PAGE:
Virtual team member autonomy: learn from software agents
Team leaders who want their team members to show more initiative and take greater responsibility can learn from the principles of autonomous software agents so I am delighted to republish a bioteams guest essay on “Agents: Technology and Usage” by James Odell which is attached in full as a pdf.
James was an early innovator of Information Engineering methodologies and more recently has been working with the OMG (Object Management Group) where he co-chaired their Agents Work Group. He also worked extensively in the area of agent-based communication methods many of which are based on the messaging techniques of the social insects.
One of the central tenets of bioteams is to encourage team members to seek the many benefits of operating as responsible but autonomous team players.
This is the style of natures' best teams where rather than receiving direction through command and control leadership structures the members operate to varying degrees as self-managed agents.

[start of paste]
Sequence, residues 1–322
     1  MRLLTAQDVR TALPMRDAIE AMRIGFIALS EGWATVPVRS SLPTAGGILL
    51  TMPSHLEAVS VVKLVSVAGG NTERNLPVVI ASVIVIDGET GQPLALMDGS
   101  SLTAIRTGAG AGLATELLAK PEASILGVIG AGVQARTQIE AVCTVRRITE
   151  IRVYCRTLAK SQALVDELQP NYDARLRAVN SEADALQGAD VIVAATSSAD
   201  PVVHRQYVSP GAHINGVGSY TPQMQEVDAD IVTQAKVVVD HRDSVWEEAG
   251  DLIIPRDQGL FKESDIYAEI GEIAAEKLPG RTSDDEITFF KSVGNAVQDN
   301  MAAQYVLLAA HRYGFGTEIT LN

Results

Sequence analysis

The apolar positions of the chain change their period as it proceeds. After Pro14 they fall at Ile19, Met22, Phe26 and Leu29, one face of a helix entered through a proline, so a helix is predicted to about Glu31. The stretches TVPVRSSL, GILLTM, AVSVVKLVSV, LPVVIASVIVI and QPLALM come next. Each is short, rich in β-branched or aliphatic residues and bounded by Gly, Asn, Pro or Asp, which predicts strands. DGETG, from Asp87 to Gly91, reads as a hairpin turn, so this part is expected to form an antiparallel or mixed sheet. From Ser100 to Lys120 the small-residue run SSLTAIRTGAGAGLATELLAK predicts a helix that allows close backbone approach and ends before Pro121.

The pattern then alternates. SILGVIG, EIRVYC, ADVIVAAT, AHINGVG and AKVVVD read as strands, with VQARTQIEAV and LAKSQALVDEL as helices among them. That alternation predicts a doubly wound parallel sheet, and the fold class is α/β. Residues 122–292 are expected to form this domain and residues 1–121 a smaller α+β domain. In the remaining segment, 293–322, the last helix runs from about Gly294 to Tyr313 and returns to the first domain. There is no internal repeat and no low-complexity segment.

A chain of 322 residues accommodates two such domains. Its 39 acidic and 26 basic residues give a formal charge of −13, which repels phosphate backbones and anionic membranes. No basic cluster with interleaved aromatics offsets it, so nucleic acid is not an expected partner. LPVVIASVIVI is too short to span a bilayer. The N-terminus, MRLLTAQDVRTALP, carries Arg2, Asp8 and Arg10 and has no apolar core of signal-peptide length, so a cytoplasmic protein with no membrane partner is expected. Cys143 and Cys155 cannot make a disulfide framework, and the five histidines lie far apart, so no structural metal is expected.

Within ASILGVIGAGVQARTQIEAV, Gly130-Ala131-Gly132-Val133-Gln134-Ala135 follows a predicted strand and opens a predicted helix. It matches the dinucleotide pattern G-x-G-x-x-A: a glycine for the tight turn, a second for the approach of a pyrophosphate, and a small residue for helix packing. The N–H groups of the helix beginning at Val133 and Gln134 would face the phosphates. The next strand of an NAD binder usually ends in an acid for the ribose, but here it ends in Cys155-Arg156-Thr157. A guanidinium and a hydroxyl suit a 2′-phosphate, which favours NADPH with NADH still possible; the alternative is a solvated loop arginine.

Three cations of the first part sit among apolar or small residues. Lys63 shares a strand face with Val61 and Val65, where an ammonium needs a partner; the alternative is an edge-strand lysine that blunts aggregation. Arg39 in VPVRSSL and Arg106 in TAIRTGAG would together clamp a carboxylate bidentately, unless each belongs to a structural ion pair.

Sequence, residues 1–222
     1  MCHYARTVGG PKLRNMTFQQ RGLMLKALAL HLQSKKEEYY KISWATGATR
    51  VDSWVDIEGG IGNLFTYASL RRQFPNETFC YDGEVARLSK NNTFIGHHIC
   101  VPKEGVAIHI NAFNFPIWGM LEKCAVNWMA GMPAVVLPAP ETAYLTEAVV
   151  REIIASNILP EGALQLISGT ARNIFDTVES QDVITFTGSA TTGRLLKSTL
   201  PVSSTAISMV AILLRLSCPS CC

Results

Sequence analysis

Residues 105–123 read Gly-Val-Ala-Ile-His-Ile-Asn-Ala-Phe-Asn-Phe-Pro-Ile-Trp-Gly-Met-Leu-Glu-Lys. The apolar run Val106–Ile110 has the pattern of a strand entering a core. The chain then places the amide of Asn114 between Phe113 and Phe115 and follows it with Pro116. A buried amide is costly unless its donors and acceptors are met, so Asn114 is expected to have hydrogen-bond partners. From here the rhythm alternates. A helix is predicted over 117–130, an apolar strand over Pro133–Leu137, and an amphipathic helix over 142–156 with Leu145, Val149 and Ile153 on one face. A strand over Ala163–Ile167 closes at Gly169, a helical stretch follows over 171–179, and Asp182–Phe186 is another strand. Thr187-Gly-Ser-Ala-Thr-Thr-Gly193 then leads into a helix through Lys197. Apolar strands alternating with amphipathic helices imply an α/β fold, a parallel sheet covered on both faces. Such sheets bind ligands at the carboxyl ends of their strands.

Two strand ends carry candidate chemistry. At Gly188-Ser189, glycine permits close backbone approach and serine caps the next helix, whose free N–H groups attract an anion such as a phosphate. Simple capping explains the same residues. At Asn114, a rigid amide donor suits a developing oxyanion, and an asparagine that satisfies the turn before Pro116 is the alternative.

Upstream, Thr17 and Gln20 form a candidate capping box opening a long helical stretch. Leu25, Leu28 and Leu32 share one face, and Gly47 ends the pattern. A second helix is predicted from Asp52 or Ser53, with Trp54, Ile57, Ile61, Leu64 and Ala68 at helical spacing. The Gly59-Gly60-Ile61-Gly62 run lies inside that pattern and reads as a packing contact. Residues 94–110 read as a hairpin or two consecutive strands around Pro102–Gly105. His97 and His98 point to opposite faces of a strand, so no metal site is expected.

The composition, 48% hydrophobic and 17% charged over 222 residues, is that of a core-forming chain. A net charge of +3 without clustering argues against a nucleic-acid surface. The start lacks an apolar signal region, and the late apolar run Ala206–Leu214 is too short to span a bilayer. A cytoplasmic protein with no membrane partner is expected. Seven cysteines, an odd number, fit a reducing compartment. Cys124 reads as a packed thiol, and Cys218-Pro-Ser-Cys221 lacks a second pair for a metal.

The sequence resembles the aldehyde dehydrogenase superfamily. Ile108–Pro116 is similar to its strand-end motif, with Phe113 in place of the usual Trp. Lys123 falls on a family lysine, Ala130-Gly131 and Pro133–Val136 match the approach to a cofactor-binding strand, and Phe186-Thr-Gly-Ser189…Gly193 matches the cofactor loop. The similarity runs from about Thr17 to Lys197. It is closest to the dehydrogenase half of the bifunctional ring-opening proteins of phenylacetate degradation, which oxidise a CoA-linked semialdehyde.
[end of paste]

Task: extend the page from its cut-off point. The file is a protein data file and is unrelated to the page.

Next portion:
One of the areas which has had the biggest success in applying biological principles is Distributed Computing where the concept of an ”agent” is a key element.
An agent can be a person, machine or a piece of software and is simply defined as “one who acts”.
In previous articles I speculated on the most useful traits for bioteam members.
I believe James’ article is particularly useful in this context as it not only clarifies the agent concept but also shows how software agents communicate and interact with each other and their environments in real life applications.
The paper also defines some of the most important properties of agents such as:
Many if not all of these characteristics can be applied equally well to high-performing human teams.
Bioteams Books Reviews
A few months ago I read the book "Leadership and Self-Deception". Then I became a friend of the Arbinger Institute, went through some training with them in London and may be involved with them in the future. So I suppose the book inspired me – here’s why! Guest book review by Mario Gastaldi.